Popular Music and Copyright Law in the Age of the Songwriter

The Age of the Songwriter

In the canonical timeline of American popular music, Tin Pan Alley lasted until the arrival of rock and roll in the 1950s, when the “Brill Building” emerged as the new geographical center and verbal shorthand for popular songwriting and publishing.  In reality, Tin Pan Alley as properly understood had been relegated to history more than a quarter century before the advent of rock and roll.  For most baby boomers, and even the generation born just before World War II, if a genuine Tin Pan Alley tune is familiar at all it is probably from watching old cartoons on television— perhaps Bugs Bunny singing “The Daughter of Rosie O’Grady” or Betty Boop and the “bouncing ball” doing “Wait till the Sun Shines, Nellie.”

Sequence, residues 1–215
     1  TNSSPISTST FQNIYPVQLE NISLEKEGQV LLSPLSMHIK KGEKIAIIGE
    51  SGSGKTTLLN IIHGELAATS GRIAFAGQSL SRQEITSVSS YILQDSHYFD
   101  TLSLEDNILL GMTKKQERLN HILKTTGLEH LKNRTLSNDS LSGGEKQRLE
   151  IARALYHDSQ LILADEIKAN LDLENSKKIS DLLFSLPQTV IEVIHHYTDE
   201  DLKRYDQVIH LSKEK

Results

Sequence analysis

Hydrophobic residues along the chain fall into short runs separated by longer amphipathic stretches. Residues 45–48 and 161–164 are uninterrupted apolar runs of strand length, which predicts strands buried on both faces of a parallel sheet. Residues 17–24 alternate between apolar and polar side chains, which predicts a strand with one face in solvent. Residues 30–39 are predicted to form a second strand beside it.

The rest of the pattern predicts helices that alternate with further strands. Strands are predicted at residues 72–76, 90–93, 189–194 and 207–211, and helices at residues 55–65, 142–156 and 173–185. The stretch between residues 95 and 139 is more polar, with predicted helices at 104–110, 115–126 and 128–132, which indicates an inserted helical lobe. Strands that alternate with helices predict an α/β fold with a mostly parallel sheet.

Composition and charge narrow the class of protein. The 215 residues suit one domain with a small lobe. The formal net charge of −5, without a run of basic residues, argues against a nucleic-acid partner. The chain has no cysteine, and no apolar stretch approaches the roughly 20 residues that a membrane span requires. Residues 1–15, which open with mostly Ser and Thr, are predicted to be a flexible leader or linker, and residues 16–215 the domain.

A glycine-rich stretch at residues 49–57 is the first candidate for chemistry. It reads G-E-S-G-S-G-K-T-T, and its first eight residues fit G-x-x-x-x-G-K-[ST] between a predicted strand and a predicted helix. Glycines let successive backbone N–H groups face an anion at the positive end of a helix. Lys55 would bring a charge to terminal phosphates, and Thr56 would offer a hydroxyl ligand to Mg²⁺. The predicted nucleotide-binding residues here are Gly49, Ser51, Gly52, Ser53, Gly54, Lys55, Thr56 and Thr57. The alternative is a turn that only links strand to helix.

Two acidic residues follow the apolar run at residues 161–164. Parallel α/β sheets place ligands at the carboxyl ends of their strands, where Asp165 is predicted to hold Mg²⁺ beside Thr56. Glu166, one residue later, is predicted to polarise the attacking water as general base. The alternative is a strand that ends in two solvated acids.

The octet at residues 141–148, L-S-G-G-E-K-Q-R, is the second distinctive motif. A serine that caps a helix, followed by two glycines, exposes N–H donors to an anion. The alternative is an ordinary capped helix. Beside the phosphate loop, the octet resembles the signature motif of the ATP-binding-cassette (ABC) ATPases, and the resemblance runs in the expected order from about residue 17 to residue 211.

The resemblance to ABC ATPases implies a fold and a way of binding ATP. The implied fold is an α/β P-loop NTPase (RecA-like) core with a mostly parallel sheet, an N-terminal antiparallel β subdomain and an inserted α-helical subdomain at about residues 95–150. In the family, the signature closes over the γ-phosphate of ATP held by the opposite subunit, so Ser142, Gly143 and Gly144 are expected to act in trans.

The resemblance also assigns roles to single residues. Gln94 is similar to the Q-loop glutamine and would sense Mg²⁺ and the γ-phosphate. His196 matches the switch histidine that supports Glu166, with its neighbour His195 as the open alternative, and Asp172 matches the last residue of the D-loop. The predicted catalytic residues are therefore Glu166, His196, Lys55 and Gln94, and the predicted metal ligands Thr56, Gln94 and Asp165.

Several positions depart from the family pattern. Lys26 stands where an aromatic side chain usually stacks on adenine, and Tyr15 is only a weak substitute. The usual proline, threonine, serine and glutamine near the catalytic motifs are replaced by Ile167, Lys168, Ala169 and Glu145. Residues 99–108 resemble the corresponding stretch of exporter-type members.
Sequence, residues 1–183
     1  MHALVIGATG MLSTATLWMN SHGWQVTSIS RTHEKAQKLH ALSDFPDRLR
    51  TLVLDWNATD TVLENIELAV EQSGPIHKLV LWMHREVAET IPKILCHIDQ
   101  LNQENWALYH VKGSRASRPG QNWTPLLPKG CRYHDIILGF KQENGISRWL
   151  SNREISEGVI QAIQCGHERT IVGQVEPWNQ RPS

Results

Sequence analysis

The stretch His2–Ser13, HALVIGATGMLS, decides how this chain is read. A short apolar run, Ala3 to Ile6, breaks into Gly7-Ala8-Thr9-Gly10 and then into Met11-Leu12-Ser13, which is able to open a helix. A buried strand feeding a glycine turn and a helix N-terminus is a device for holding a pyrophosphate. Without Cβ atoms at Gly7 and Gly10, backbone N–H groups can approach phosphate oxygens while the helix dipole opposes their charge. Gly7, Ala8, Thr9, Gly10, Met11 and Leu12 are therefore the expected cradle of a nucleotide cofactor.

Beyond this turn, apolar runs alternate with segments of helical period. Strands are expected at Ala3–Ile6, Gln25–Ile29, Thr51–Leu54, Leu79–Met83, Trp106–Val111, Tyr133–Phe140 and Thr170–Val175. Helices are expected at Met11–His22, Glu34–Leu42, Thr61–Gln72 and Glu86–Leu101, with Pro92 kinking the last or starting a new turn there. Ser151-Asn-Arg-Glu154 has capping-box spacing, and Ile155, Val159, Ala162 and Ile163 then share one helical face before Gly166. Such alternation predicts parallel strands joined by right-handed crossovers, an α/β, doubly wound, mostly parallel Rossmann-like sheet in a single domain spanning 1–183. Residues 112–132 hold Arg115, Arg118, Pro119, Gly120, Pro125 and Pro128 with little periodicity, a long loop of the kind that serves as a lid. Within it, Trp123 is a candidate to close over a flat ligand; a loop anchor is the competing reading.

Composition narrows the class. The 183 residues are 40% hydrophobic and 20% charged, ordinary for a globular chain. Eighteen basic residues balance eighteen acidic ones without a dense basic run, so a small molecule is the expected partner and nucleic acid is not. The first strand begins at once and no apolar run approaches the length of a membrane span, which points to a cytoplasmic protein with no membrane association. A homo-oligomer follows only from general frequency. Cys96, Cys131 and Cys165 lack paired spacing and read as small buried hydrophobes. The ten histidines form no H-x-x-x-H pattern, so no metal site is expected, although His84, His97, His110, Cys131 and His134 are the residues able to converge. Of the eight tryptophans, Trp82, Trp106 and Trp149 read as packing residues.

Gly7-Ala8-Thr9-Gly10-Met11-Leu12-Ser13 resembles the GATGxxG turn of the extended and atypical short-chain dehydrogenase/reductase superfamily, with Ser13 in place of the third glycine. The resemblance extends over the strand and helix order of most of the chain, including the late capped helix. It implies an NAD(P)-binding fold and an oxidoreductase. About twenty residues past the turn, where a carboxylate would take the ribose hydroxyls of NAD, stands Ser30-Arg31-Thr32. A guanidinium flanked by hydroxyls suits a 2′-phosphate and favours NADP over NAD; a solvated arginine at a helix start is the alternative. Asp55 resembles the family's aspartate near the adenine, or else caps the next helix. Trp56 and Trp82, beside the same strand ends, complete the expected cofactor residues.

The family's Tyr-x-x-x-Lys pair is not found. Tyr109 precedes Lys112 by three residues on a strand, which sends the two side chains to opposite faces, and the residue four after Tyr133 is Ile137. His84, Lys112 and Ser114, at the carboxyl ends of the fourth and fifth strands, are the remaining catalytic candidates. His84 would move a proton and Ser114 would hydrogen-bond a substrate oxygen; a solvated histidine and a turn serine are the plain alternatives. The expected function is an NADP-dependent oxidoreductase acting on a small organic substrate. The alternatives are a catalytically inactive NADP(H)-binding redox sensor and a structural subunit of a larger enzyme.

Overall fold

The Great American Songbook is the product of an entirely different form of industrial organization, in which songwriters were no longer subsistence piece workers prized for their conformity to established rules, or for their ability to crank out knockoffs of the latest hit, or to cater to the latest dance craze. The important post–Tin Pan Alley songwriters were comparatively autonomous auteurs, free to make demands on the public, instead of kowtowing to its established preferences. The standards they wrote belong to their own era, extending roughly from the mid-1920s to the mid-1950s, richly deserving of a pithy sobriquet of its own. If “Tin Pan Alley” denotes an era when music publishers dominated the popular music world, and “rock and roll” a time, apparently here to stay, defined by superstar performers and integrated big media companies, then the intervening period, when the composers and lyricists of the American popular art song reigned, was truly the “Age of the Songwriter.”


©2012 Gary A. Rosen